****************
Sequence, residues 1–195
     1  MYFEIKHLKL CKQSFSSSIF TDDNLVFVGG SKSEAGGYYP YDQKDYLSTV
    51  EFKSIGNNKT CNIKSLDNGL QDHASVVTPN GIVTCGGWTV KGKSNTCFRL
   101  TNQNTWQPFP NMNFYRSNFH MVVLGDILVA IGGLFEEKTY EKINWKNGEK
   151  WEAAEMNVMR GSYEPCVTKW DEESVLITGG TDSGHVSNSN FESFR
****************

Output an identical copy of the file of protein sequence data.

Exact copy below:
Sequence, residues 1–195
     1  MYFEIKHLKL CKQSFSSSIF TDDNLVFVGG SKSEAGGYYP YDQKDYLSTV
    51  EFKSIGNNKT CNIKSLDNGL QDHASVVTPN GIVTCGGWTV KGKSNTCFRL
   101  TNQNTWQPFP NMNFYRSNFH MVVLGDILVA IGGLFEEKTY EKINWKNGEK
   151  WEAAEMNVMR GSYEPCVTKW DEESVLITGG TDSGHVSNSN FESFR